Present with Presence

Research shows that 55% of people make initial judgements about us based on how we look, 38% based on how we sound, and only 7%, on what we say.

The preparation before your presentation and the moments after, are essential for both you and your audience. The way you dress, make eye contact, your body language, use of your voice, emotional expression and authenticity, all create a presence which your audience experiences and remembers.

Your clothing

Start by considering your appearance. Ensure that your attire is appropriate to your audience and suitable for the occasion. You need to know your audience to dressed right. Avoid dressing more formally than, or dressing down compared to your audience. Try to wear clothes that are only slightly better than what your listeners are wearing. If you do not know your audience, it would be better to wear a jacket, and then take it off to dress down, when necessary; it is easier to dress down than to dress up at the last minute. Also, avoid wearing swinging keys or jewellery, as the sound created by such items interferes with the microphone and becomes a distraction.

When speaking

Have your notes handy. Know the correct way to address your audience. Take a few deep breaths, look around, wait for everyone’s attention and then smile. These few gestures communicate that you are happy talking to your audience.

The presentation is the ‘selling’ of your speech so aim for a bright and exciting performance. You owe it to yourself and your audience to develop skills in showmanship and to be entertaining no matter how serious or pedestrian the topic may be.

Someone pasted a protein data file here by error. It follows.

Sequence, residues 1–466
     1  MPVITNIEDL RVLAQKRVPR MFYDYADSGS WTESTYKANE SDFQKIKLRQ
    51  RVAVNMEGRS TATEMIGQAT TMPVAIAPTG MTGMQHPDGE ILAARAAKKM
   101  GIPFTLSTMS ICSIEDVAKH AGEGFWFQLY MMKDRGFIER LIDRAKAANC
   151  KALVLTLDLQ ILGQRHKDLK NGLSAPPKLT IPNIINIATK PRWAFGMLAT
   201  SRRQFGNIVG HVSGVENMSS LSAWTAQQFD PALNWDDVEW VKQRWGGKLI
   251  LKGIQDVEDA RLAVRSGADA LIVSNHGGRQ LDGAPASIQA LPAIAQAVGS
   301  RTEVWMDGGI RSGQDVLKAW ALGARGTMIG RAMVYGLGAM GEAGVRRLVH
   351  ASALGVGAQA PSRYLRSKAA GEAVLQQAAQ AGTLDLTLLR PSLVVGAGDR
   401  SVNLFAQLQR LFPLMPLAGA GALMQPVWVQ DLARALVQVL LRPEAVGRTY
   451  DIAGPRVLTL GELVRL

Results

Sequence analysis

Visual impact – body language

An audience will believe what they see in your face and your manners before they trust your words. Ensure your audience receives the same message through their eyes as through
their ears.

Stand comfortably and relaxed, trying not to fidget or sway. A lectern is convenient for notes, but it may put a barrier between you and your audience. The decision to use or not use a podium is based on your purpose and your need for notes.

For more on how to best use a podium, click here.

Look your audience in the eye to make a significant impact.

Use hands, shoulders, arms and facial expressions to accompany words where appropriate. Make your gesture natural. Good gesture helps an audience understand your message; a bad gesture draws attention only to itself. An outstretched palm is a ‘reaching out’ sign while a jabbing finger can be threatening.

Nervous habits and awkward movements distract an audience. Fiddling or taking your glasses on and off, need to be recognised and controlled. Channel your nervous energy into body language which emphasises your speech.

Vocal impact

As a speaker, your voice is your stock-in-trade. Therefore, an excellent speaking voice has the following characteristics:

  • Its tone is pleasant and friendly
  • It appears natural, reflecting the personality and sincerity of the speaker
  • It has vitality, giving the impression of life and enthusiasm
  • It portrays shade of meaning. It has colour and expression
  • It is easily heard, having good volume, projection and articulation.

Emotional impact

Speak from your heart, not your head. Speak from your beliefs and convictions. These are personal. They are what make you unique. Build on your personality.

Persuading people requires a strong emotional appeal. Be sincere, enthusiastic, show empathy and understanding. It’s the feelings your speech generates which people will remember, not necessarily the impressive logic.

Be sincere. Mean what you say. Your aim is to touch each person with your presentation.

Be yourself, even if it means showing your vulnerability.

Be enthusiastic. Your enthusiasm stimulates your audience sweeping them along with you.

Be empathetic. Let the audience feel you understand and are involved.

Be credible. If the audience believes that you are genuine, your talk becomes memorable, motivating, convincing, and successful.

After the speech

Stay a moment with your audience before returning to your seat and maintain eye contact. Smile and enjoy the applause. Avoid saying “thank you”; it’s the audience who thanks you.